(The Yorkshire Analysis) — Guild-American Federation of Television and Radio Artists (SAG-AFTRA) strike is on the brink of a historic 100th day. Despite previous positive negotiations with screenwriters, the actors’ stand-off endures.
Here, we delve into the reasons behind the impasse, how it compares to past industry strikes, and what lies ahead.
Insights into the Stalled Talks
After a 2.5-month hiatus, SAG-AFTRA leaders entered negotiations with a sense of hope. However, progress remained sluggish, with days between sessions and limited signs of advancement.
Disappointingly, talks ceased abruptly on Oct. 11, as studios deemed the actors’ demands economically unfeasible and the two parties too distant to forge ahead. This left many baffled, including SAG-AFTRA President Fran Drescher, who voiced her perplexity at the decision.
Contentious Points of Contention are Subscriber Fees and AI Control
Central to the deadlock was SAG-AFTRA’s proposal for a fee tied to streaming service subscribers. The Alliance of Motion Picture and Television Producers (AMPTP) deemed this demand, alongside other unresolved issues, financially untenable.
This discrepancy led to a stalemate. Notably, Netflix co-CEO Ted Sarandos underscored the negative impact of this development on industry momentum.
Tax on Subscribers or Shifting Models
SAG-AFTRA countered claims that their proposal amounted to a subscriber tax, arguing that it was the studios pushing for a shift from popularity-based models to subscriber counts.
The figures presented by studios, asserting an $800 million annual cost, were challenged by SAG-AFTRA, who considered them grossly exaggerated. The subsequent adjustment to 57 cents per subscriber per year further complicated negotiations.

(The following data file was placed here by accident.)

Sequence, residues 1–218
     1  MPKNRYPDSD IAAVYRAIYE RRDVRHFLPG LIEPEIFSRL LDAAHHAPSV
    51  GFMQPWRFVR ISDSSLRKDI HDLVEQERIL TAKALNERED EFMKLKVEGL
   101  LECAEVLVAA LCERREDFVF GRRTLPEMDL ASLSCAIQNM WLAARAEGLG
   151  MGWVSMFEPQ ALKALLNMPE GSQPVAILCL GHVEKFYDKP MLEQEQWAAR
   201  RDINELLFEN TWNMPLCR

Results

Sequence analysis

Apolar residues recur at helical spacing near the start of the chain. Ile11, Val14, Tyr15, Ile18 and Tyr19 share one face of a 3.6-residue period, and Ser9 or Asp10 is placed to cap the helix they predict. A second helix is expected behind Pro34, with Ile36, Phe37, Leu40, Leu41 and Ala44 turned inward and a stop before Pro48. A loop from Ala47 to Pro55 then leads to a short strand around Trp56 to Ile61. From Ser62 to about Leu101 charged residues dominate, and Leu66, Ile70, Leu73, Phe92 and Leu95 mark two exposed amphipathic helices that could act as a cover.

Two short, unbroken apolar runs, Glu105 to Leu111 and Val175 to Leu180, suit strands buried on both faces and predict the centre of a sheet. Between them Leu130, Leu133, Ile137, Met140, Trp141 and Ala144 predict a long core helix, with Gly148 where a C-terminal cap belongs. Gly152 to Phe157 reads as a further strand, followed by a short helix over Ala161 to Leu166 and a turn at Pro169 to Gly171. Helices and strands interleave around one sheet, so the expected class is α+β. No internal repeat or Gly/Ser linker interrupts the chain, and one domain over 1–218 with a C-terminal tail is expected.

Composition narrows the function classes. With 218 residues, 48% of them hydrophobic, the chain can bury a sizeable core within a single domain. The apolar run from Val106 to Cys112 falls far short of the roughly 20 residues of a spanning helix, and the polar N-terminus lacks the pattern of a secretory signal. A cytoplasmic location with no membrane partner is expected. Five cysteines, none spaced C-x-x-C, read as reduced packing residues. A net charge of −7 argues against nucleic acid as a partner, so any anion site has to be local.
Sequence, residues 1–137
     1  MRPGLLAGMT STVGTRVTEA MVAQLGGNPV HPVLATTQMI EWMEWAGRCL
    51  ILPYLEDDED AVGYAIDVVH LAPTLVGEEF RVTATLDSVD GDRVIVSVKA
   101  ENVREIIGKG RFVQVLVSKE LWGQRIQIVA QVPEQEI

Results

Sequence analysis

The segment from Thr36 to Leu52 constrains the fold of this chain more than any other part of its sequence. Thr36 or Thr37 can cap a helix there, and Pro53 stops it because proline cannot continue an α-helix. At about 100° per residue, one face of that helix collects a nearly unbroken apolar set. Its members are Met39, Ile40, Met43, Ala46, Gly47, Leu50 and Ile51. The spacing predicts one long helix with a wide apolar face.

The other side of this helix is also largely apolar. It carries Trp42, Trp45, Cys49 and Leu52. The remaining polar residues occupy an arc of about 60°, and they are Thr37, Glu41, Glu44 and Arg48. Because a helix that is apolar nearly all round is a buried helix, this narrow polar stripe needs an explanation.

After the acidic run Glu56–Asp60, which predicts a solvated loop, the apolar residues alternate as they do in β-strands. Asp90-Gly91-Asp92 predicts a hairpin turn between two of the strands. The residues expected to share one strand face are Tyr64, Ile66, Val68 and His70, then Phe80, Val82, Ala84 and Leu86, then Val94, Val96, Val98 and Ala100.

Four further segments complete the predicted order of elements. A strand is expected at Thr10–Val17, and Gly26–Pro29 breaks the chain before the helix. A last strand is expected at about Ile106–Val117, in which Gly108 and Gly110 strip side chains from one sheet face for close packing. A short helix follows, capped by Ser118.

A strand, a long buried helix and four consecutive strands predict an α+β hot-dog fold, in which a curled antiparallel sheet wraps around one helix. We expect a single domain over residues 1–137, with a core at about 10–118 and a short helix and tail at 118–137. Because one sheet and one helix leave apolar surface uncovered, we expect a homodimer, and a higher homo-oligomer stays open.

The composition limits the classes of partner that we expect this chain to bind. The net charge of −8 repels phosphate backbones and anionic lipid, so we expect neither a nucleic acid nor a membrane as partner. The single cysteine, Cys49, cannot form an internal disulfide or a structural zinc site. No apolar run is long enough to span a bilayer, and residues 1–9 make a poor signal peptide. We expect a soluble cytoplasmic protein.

Actors Strike Crosses a Historic Milestone, 100-Days
SAG-AFTRA finds itself in unprecedented territory, grappling with a strike that eclipses any in its history. Members and leaders are committed to public rallies and picketing until studios signal a willingness to return to negotiations.
However, the duration of this hiatus remains uncertain, as the union stands resolute in their demands.
A Glimmer of Hope
Writers, too, faced initial setbacks before eventually securing favorable terms. Their attempts to restart negotiations in mid-August, after three months of strike, initially faltered. However, subsequent talks resulted in a tentative deal after five intensive days. This experience offers a glimmer of optimism for the actors’ future negotiations.
Hollywood actors’ strikes, while less frequent than writers’, have often revolved around technological advancements. The Screen Actors Guild’s (later merged with AFTRA) three strikes against film and TV studios have been shaped by industry shifts.
Notably, the 1960 strike, the only simultaneous action with writers, centered on residuals for televised film work. This conflict ultimately resulted in a compromise benefiting both parties.
Longest Strike: The 1980 Stalemate
The 1980 strike marked the longest stand-off for actors, spanning 67 days. It focused on compensation for home video and cable TV appearances, alongside minimum compensation hikes. While a tentative agreement was reached, it took a month to garner sufficient votes for ratification.
Impact on Productions (Movies and TV Shows in Limbo)
While writers return to their desks, productions await the actors’ resolution. Several TV shows and major films, including “Wicked,” “Deadpool 3,” and “Mission Impossible – Dead Reckoning Part 2,” remain suspended. Awards ceremonies like the Emmys and the upcoming Oscars could also face delays, impacting promotional activities.
The protracted actors’ strike poses unprecedented challenges for both the industry and its stakeholders. With a history-making milestone on the horizon, the future of negotiations remains uncertain.
As Hollywood navigates these uncharted waters, the resolution of this strike will undoubtedly shape the landscape of the entertainment industry for years to come.